Review by Steve Dean
Photo by Leo
Having risen from the ashes of The Flight, I gather that this is Lungs' first gig since. They did very well. Sporting a new suit-wearing, but still casual image, they kicked in with a raunchy cover of Placebo’s ‘Nancy Boy’; giving a fair taste of what to expect from thence onwards. Guitarist and vocalist Tom Moreton announcing that most of their set would consist of covers until they had had more time to get organised, they continued with self-penned tunes ‘River Town’ and the appealingly chaotic ‘Orange Pizza’. It was remarked that they are reminiscent of the Ramones in some ways and I readily agree with such a comment.
They are a lively band, their music having strong punk overtones and diminutive female singer/guitarist Hollie Lucas adds a valuable dimension to their overall sound and presentation. They put on a good show and their leaping up and down during ‘City of Angels’ inspired members of the audience to bound around a bit themselves. Drummer Danny Beardmore drives the band along very nicely and I had to grin when bassist Scott Walton apologised for any mistakes before they’d even tackled Rancid’s ‘Maxwell Murder’; the song’s bass solo being being an integral part of the tune. He needn’t have worried, he did fine.
With Hollie going offstage while the rest of band continued with P.I.G., the audience was invited to dance; my bemused mind boggling a tad as one of their number performed a manoeuvre apparently called ‘teddy bear rolls’. He summed up the fun of the event nicely though. Leaving a solo Hollie to finish off, she closed the set to enthusiastic applause from an audience that had obviously enjoyed them immensely. Not bad for a first gig. In fact, not bad at all.
Reading up on Party Fire and Theft on their Myspace profile, they seem to have had a fairly convoluted history involving several incarnations, but it is enough to say that how they stand at present adds up to being about right. Having an excellent drummer in James Rathmell, also of Everything on Red, his technical expertise played a great part in ensuring a set that was tight, gutsy, and never less than interesting to listen to; despite Guitarist and singer Mart’s (I’m unable to find a surname) confession that over-refreshment had left he and the first rate 5-string bass player Andy (ditto, regarding surname) a little worse for wear. I must say it didn’t seem to effect their playing though. Their songs are all their own compositions and beginning with ‘Stop and Deactivate Robots’, they shone with a blinding set put across with dexterity and plenty of energetic panache. Main vocalist Mart has a strongly melodic voice, putting me in mind of celebrated 60s band Cream’s Jack Bruce in his heyday and James joining in for some choice harmonies really added that extra spice. I particularly liked second number ‘Deleted Scenes’, with it’s descending chords and James’ vocal interjections, and also the final composition ‘Driving me Away’ made a fitting end to a fine set.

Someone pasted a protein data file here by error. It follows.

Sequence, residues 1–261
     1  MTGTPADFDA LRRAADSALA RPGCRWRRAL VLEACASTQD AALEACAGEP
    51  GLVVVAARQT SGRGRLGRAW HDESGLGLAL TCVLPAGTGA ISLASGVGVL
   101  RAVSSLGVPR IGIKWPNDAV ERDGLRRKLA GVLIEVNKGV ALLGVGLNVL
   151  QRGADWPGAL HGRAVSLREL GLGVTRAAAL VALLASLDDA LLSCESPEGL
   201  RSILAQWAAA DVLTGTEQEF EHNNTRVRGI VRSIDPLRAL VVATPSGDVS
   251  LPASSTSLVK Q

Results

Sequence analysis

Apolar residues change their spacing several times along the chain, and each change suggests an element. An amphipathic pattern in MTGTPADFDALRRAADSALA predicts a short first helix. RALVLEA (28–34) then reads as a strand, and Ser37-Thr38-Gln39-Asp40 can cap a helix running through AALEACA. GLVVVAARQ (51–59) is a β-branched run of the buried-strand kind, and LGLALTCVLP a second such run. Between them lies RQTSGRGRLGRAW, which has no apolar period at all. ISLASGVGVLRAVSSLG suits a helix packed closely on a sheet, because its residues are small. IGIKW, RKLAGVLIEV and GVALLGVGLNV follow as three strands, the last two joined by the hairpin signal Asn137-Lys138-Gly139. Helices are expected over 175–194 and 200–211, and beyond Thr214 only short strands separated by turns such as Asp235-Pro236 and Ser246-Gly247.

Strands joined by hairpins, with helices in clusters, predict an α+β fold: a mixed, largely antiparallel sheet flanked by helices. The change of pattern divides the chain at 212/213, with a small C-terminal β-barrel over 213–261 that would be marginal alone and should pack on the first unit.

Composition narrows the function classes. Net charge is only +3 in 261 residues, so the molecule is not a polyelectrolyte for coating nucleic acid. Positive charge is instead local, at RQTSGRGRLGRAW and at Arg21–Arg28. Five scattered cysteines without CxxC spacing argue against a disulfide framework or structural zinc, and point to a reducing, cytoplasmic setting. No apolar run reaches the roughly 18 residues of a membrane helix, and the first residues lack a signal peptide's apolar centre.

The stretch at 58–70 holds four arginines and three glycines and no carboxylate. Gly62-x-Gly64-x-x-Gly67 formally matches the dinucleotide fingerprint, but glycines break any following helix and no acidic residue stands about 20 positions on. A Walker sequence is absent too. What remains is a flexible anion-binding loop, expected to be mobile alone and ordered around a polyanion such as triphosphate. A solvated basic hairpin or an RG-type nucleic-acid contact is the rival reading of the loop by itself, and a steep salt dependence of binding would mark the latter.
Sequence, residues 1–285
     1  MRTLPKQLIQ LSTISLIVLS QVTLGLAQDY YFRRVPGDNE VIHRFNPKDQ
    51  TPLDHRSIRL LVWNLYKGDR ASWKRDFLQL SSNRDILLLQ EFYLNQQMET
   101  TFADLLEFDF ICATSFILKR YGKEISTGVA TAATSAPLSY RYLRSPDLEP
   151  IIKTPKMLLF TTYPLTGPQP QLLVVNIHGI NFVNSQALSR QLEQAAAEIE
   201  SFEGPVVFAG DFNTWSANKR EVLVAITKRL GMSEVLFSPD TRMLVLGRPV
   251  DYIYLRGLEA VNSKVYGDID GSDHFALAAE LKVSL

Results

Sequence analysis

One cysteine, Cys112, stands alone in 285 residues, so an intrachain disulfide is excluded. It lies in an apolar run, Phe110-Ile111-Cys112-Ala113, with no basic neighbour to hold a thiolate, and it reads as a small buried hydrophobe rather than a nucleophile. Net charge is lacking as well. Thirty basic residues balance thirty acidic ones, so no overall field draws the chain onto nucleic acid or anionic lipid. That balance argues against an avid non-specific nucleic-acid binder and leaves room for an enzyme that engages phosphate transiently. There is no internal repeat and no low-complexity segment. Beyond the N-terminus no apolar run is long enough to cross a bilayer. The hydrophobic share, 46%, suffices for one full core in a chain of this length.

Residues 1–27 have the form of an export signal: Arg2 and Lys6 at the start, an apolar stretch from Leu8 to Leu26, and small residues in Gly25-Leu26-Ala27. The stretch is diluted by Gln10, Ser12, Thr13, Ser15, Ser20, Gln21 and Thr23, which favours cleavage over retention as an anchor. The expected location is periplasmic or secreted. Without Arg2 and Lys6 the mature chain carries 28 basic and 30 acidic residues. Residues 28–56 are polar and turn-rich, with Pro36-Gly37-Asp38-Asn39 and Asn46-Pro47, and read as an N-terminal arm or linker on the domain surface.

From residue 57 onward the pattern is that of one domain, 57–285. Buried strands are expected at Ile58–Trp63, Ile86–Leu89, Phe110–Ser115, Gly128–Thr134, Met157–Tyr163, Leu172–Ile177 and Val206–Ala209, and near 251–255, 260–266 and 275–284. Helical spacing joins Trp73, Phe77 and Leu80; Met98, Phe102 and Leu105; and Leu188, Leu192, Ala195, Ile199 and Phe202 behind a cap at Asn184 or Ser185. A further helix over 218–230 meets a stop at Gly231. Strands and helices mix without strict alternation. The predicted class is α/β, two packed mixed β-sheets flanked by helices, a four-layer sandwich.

Having reviewed Screwloose’s new EP ‘A Beginner’s Guide to Life’ not too long ago, I was very much looking forward to hearing the numbers actually played live. I was not disappointed. Screwloose, comprising lead vocalist Matt Brown and Andy Winstanley on guitars, Rob Tooth on bass and Chris Burgess on drums put across their songs just as well live as they do on CD; except with that extra bit of raw power that live playing always adds . First number ‘Out on Friday’, track one on the EP, set the scene for a very entertaining half-hour as the band strove to pack in as many songs as possible before the law of the land demanded that they finish, due to a late start earlier causing them to run over. The second number, ‘A Matter of Affinity’, boasted some nice guitar exchanges in the middle part and I loved the tight reggae-ish interlude within third song ‘The Magic That I feel’. Two other numbers from the EP, title track ‘A Beginner’s Guide to Life’ and the bouncy ‘So you Call this a Setback’ were also included and the extra live fire brought out the true appeal of this band’s earnest interpretations of some thoughtful lyrics. Linking up the last three compositions, Screwloose managed to fit everything in and finished to well-deserved and appreciative applause.
The Band Stand may be a small gig, but it puts on some big talent. I say “well done” once again.